Stryker claimed its hips were similar to DePuy’s metal on metal hips that were already for sale.  The fault in this logic, if you can call it that, is that DePuy’s hip implants are the ones having problems with fretting and corrosion of the metal, which causes pain and swelling.  This defect may even lead to metalosis – metal toxicity in the blood stream caused by metal ions and shavings from the implant itself.  This, despite the fact that the industry has known for some time that as much as 40% of metal-on-metal hip implants would fail.

Stryker has since recalled its Rejuvenate and ABG II hip implants.  DePuy has since settled many of the claims against it for $2.5 billion.

What does this mean to you:

Someone with a recalled hip implant probably does not know the make or model they have.  If an implant patient continues to have, or suddenly develops, pain or swelling around their hip implant, they should check with their surgeon right away.

The itsy, bitsy baby climbed out of the high chair

I saw this story in the Columbus Dispatch today noting an increase in the number of injuries to babies caused by high chairs.  On average, 9,400 kids are hurt every year due to high chairs – a number that has been on the rise.

Baby in highchair

To be sure, some injuries were caused by children climbing out, while other are related to defects in the chair itself.

What does this mean to you:

Always register your baby products with the manufacturer so you are kept abreast of recalls.  Or, you can sign up to receive alerts from the Consumer Product Safety Commission.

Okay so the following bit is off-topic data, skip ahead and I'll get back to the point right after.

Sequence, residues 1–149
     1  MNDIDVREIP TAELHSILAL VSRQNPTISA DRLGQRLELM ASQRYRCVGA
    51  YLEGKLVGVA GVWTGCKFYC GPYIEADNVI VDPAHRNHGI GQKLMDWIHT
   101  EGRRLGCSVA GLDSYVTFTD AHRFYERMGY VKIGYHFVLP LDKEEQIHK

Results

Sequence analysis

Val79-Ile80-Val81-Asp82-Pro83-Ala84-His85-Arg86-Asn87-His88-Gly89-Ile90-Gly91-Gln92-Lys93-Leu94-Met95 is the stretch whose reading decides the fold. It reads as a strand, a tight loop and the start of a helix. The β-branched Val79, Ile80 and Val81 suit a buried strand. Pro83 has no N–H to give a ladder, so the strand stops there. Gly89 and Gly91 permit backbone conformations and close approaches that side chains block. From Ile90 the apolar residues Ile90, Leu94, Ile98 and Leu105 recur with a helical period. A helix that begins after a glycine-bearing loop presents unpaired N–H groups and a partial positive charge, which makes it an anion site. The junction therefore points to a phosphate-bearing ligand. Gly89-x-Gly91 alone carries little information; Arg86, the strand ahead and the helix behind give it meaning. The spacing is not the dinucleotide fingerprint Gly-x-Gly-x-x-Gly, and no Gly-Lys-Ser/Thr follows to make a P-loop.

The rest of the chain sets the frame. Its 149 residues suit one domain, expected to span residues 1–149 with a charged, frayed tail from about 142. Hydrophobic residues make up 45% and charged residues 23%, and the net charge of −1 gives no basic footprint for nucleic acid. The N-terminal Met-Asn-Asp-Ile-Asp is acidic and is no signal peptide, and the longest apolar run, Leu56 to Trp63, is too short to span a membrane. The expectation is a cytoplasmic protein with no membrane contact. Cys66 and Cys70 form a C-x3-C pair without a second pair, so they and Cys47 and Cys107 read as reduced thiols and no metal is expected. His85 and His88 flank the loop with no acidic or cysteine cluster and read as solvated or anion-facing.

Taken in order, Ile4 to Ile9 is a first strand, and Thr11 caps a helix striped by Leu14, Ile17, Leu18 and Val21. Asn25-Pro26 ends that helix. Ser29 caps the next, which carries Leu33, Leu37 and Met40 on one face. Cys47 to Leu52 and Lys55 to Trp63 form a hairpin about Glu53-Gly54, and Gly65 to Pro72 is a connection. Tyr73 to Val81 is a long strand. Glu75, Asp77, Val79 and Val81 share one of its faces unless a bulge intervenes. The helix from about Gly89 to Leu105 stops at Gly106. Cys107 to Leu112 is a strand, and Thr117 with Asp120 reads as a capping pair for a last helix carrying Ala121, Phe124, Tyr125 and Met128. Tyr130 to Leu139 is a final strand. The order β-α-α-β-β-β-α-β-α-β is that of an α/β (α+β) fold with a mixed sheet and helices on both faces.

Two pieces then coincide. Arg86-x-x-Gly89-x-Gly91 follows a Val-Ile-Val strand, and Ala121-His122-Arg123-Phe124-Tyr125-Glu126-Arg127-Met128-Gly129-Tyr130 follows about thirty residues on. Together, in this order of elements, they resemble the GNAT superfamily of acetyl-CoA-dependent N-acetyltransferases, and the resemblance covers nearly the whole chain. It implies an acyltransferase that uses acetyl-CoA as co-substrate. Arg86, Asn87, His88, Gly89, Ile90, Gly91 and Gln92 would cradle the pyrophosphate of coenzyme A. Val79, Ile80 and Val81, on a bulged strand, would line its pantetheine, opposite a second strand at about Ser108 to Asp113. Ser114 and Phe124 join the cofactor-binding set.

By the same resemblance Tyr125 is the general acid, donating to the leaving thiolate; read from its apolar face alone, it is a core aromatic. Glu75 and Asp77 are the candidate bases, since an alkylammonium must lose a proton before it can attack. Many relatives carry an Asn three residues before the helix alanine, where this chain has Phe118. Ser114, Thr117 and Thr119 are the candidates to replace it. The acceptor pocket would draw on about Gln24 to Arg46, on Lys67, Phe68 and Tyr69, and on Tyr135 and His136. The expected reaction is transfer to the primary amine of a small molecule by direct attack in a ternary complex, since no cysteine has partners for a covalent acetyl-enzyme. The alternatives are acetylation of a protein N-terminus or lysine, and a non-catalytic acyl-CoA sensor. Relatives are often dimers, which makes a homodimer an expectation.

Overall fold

You caught us red – hipped

There are really only 2 reasons a company ever does anything.  The first, and most pervasive reason, is to make money.  The second is when it forced, kicking and screaming, to take responsibility through the justice system for its own products or conduct.

money in trap

The latter was the case this week when Johnson & Johnson agreed to pay $2.5 billion to settle claims related to its defective metal-on-metal hip implants. The company had known for some time that their devices would fail, but forgot to mention it to anyone.  Oops.

What does this mean to you.

It is not too late to make a claim if you had a hip implant made by Johnson & Johnson or DePuy.

The passengers on the bus go ’round and ’round

Seat belts have been mandatory in cars since 1968.  Seat belts are even required in airplanes, where there is usually no such thing as a “minor” crash.  Why, then, are no seat belts in commercial or school buses?

Bus travel

It seems the bus industry has resisted efforts to mandate seat belts in new buses, or to retrofit old buses with new seat belts.  You see, the health and safety of those pesky passengers shouldn’t get in the way of the bottom line.

What does this mean to you:

Be careful when selecting your preferred method of travel.

 

Father SHOULD know best

A father and son in Dublin, Ohio have been charged as “social hosts” for serving alcohol to a young man under age 21, who the crashed his car and died.

Man Serving Champagne To His Guests At A Dinner PartyDublin also happens to have a fairly strict social host law in place.

What does this mean to you:

With the holidays approaching, keep in mind that you can be help responsible for providing alcohol to minors when bad things happen.

The real stuff is bad enough

Ohio has seen more than its fair share of tort deform laws over the last decade.  These laws have the affect of making it harder for folks who get hurt, through no fault of their own, to be made whole again.

 

 

Man with a broken leg  walking on crutches

As if reality wasn’t bad enough, I saw this post on The Pop Tort about fictitious laws on TV shows written in to scripts to limit fictitious rights of the characters.  Art imitating life indeed.

What does this mean to you:

Know that insurance companies and corporations have lobbyists.  Most of us don’t.  When laws get passed, guess which one they favor?